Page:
There are a ton of horns that claim to be train horns out there, but there is no other horn out there that has the history, the size and the VOLUME of a Nathan Airchime Train Horn. The Train Horn of choice by railroad companies for decades, trusted to keep their conductors and their haul safe, is now available to install on your ride! Learn about the history, manufacturing process and modern applications for the classic Nathan Airchime series Train Horns, the loudest Train Horns you can buy!

"What's the loudest train horn?"

Hands down, the most asked question we get. You know when you get a HornBlasters Train Horn Kit, you are getting the loudest horns you can buy, but who is the top dog out of them all? We actually answered this question back in 2014 when we had our most popular horns 3rd party tested:

As you can see, the numbers don’t lie. The Nathan K5LA beat out any other horn, both at close range and 100 meters away. Quite a few of our horns come close (our Shocker Train Horns are only 1.7 dB off), but nothing has been able to beat the Nathans Airchime Train Horns.

With authentic train horns like the Nathan AirChime Horns, you not only hear them, you FEEL them. There really is no substitute for the real thing. There are plenty of pretenders to the throne out there that will advertise all kinds of decibel ratings (there is no such thing as a 200 dB train horn, especially one for $60) and tell you that their horns are the loudest you have ever heard, but unless you can roll up to a railroad stop and battle the train, all you are getting is a cheap imitation.


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A Horn With History

Other than the gargantuan volume and power, the main difference between Nathan AirChime Train Horns and any other is the rich history and character these horns have. Does your horn have a backstory? Every Nathan AirChime Train Horn that we sell has been tried and tested on real locomotives for years before they end up being installed on your vehicle. When you purchase a Nathan AirChime Train Horn, you are buying a piece of history. What other horn do you know of is tested for years out in the sleet, snow, and rain before you purchase it?

Nathan Airchime Train Horns were designed and manufactured to last for decades on trains that are constantly out in the elements all over North America. That means they are trusted to work each and every time, night and day, rain or shine. If you are making the investment into a train horn kit, why buy anything other than a household name that has been tried and tested for the past one hundred-fifty plus years?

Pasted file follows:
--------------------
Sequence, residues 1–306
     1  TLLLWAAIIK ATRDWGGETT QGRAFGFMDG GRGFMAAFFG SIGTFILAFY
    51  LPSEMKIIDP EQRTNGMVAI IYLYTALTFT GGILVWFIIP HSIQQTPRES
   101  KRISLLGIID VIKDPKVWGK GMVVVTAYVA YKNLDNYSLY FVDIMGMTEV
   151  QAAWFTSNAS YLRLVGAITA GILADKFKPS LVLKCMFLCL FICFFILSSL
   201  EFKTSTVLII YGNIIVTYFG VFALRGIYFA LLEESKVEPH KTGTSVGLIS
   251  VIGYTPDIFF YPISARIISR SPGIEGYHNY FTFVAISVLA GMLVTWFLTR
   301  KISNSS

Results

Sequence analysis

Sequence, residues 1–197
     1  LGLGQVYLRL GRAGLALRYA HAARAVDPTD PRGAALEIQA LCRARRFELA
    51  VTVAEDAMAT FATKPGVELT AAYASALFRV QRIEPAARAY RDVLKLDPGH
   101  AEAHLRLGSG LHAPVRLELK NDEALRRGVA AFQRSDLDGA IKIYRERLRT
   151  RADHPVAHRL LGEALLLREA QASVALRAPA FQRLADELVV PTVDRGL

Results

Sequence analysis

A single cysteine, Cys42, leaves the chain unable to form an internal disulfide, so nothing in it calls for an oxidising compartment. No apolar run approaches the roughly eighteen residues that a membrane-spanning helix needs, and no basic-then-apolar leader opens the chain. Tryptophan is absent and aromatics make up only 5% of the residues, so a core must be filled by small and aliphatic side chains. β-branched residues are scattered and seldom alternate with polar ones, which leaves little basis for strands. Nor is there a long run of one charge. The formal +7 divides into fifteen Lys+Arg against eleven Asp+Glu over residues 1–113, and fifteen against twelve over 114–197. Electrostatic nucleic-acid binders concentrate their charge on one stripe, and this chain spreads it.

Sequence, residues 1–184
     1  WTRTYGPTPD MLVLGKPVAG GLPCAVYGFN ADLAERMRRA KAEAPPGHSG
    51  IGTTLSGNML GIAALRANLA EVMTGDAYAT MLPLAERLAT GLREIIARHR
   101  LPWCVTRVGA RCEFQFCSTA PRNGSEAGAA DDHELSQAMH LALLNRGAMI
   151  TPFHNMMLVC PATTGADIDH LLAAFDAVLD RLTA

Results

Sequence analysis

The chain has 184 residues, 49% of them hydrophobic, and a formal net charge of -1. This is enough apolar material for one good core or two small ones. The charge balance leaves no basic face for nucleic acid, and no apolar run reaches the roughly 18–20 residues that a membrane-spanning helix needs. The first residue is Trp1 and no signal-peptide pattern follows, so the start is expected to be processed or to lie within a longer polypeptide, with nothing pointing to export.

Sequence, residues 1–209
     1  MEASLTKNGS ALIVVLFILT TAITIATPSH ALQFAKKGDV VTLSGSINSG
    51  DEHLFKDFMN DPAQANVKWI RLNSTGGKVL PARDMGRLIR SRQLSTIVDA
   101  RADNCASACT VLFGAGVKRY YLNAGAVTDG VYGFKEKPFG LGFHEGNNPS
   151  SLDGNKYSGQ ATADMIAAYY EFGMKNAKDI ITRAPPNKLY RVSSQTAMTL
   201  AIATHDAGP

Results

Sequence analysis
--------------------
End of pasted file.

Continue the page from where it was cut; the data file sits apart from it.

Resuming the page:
That’s right, we said one hundred-fifty plus years. Nathan AirChime Train Horns have been ruling the rails for longer than any of us have been alive. Nathan Manufacturing Company was established in New York in 1864. In 1953, the Airchime Truck Horn was modified to be used on locomotives. The end result was the very first P-style Train Horns, also known as “The President’s Whistle”. The Nathan AirChime P-Horn took the rails by storm with its incredible volume, lower manufacturing cost, and little-to-no maintenance. The P-Horn has gone through many different changes over the years, with the three-chime P3 and the five-chime P5 being the most commonly seen today.

Shortly after the P-Horn’s introduction, the K- series horns made their debut in 1954. The K-Horn originally had a higher pitch than the P-horns and came in three chimes and five chime versions named the K3H and the K5H, respectively.

Back then, the “H” stood for “High Pitch”, though nowadays the “H” stands for “High Bracket” with the K5L having the ‘L” designator to indicate a “Low Bracket” style. Robert Swanson, who had designed both horns believed the K-Horn to be the superior horn, the P-Horn being the cheaper alternative.

In the 1970s, Amtrak wanted to bring the classic K-Horn to America's rails. While they loved the overall sound, they decided they wanted American train horns to be lower in pitch, altering the K5H from it’s original D# minor 6th chord to a much brighter and cheerier B Major 6th. Around the same time, AirChime had designed a new low profile bracket to mount the horns on. With the new tuning and lower bracket, the K5LA was born, the “L” standing for “Low Bracket” and the “A” to designate American tuning. By the 1980s, the K5LA was the most popular horn used around the world and remains so to this day.


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